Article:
Salvation by Arrogance Alone?

Salvation by Arrogance Alone? January 15, 2014

In a recent conversation on the blog, the common conservative Evangelical conversation point was brought up, which envisages God asking a recently-deceased person “Why should I let you into my heaven?” When asked what his own response to such a question would be, the person who brought it up provided a lengthy speech.

While such answers may seem to those providing them to be expressions of the Pauline/Lutheran conviction that salvation is by grace alone, through faith, in fact it seems to be saying something different.

For many Christians, salvation is about being sure that you will avoid hell. And so the key is to have made the right profession, to offer the right answer. And while that supposedly right answer involves words like “grace” and “faith” and “alone,” in practice it sounds like what actually saves you is not casting oneself on God’s mercy, but giving the right answer about God’s mercy.

In that case, what is being posited is really salvation by being right.

Perhaps this explains why some Christians use the rhetoric of absolute dependence upon God’s grace, and yet sound arrogant rather than humble. One would expect humility to characterize someone who is truly depending on God’s mercy alone rather than one’s own rightness – especially if one is familiar with the Bible.

And so it needs to be pointed out that for many Christians, giving the right answer has simply been substituted for doing the right things, and self-righteousness about one’s own understanding of divine grace has been substituted for self-righteousness about one’s elect status or one’s accomplishments.

Such Christians make it sound as though they are adopting Paul’s stance on these things. But I suspect that if Paul were to write to Christians today, they would not receive praise. Much like the case of the Corinthians, who could quote Paul and yet were criticized by him for their understanding of his words, I think that Paul would have much to say in criticism of precisely those Christians in our time who most gravitate towards and use the language found in his letters.

What might it look like if such Christians, rather than boasting in their salvation by grace alone, actually behaved as though they believed that they were completely undeserving recipients of mercy?

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  • Brian P.

    What might it look like? It would look like a vastly different religion from the one we’ve got.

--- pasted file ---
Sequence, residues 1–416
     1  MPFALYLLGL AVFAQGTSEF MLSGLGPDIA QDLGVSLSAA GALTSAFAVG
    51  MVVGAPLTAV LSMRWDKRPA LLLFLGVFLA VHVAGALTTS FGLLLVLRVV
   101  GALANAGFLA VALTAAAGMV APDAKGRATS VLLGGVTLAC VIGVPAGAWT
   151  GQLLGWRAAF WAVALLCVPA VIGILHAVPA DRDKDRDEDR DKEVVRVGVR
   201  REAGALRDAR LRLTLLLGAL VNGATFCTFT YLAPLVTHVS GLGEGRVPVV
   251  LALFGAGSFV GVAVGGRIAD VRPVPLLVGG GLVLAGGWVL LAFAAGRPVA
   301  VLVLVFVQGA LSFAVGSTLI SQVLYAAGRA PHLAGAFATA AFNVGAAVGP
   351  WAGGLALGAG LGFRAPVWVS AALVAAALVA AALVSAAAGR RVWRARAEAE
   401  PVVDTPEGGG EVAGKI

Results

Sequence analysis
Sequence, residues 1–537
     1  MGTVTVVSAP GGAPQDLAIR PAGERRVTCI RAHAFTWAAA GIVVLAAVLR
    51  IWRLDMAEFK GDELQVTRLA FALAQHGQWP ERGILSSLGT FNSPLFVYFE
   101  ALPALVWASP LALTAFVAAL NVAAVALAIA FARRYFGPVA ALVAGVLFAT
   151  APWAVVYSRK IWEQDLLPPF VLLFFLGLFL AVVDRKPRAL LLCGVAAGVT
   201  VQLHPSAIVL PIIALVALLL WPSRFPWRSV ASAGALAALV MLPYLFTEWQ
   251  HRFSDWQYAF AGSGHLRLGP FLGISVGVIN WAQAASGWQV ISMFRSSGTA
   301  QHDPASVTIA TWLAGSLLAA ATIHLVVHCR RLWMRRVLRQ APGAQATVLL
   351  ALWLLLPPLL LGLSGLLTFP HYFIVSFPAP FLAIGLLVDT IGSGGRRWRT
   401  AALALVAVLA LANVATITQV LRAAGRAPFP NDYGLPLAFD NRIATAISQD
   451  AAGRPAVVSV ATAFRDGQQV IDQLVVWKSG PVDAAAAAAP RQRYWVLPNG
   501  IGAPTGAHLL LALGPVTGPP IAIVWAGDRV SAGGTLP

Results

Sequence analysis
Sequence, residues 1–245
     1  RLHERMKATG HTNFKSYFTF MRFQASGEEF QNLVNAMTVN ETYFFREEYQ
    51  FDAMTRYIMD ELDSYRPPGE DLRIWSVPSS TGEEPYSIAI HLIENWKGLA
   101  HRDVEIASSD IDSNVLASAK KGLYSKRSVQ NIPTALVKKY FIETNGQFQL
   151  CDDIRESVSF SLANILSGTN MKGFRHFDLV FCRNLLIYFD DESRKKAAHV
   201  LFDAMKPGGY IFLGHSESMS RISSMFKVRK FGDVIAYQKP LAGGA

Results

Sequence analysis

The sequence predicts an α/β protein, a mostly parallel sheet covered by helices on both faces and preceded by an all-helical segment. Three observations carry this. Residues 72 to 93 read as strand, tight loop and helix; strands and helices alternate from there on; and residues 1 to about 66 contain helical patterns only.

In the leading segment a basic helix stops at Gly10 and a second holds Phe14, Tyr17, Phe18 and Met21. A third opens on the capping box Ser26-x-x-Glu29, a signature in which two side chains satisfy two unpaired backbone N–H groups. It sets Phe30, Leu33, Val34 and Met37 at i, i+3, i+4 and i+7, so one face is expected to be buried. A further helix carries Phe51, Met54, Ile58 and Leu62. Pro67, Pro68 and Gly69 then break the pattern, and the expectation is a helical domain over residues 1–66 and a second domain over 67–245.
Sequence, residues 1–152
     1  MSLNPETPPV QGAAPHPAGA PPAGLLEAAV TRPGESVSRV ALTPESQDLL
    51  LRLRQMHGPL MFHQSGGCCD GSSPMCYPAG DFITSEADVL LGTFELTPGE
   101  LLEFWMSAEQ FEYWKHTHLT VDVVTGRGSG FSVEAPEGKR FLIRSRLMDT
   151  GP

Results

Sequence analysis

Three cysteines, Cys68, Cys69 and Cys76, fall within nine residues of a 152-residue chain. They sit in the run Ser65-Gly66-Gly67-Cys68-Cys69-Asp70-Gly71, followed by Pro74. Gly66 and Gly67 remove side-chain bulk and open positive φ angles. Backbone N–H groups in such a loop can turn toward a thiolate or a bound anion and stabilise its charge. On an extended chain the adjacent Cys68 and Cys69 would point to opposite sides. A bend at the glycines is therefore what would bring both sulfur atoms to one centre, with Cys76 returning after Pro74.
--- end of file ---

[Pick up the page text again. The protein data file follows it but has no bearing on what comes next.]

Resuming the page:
• R Vogel

    it is interesting because this is how I have come to accept Christian universalism, after struggling for may years to reconcile “lest no man can boast’ with limited salvation. If you are ‘saved’ ‘one of the elect’ or have ‘made the decision to accept Christ’ then you have reason to boast. Either you are G*d special chosen, or you were smart and sassy enough to ‘accept’ the gift freely given. For me, this is just another example of the us/them paradigm that Christ came to destroy. You know how you undermine the arrogance you speak of? Understand that none of us deserve, yet we all got it. ‘Lest no man can boast’

    • I appreciate Universalism, but I’m not even interested in going to Heaven. A Tammy Faye Edition mansion in a pearly-gated community on a golden-paved boulevard seems like the worst hell to me. I could be interested in a Happy Hunting Ground, especially if the sweetest pony ever whom I buried in my pasture can also be there.

      But I reckon I’ll just be the same place she is. Bible tells me so.

      Surely the fate of human beings is like that of the animals; the same fate awaits them both: As one dies, so dies the other. All have the same breath; humans have no advantage over animals. ~Ecclesiastes

      P.S. God has screwed up before, in Eden, with having to drown people in the Flood, etc…don’t think the inept deity can’t totally FUBAR heaven… 😉

      Heaven is hotter than hell. (Aug. 1972) Applied Optics. 11(8) A14

      P.P.S. My heaven is right here on my happy little T.A.Z. When I die, I leave heaven. 😉

      • R Vogel

        I’m with you. Universalism is for me an argument more against the silly doctrine of hell than for the doctrine of heaven. Cartoony versions of mansions of gold are no more motivating than fiery caves and ragged clothes. It removes the whole ‘I’m going, you’re not’ from the discussion and lets us get down to the far more important work of making the world a better place.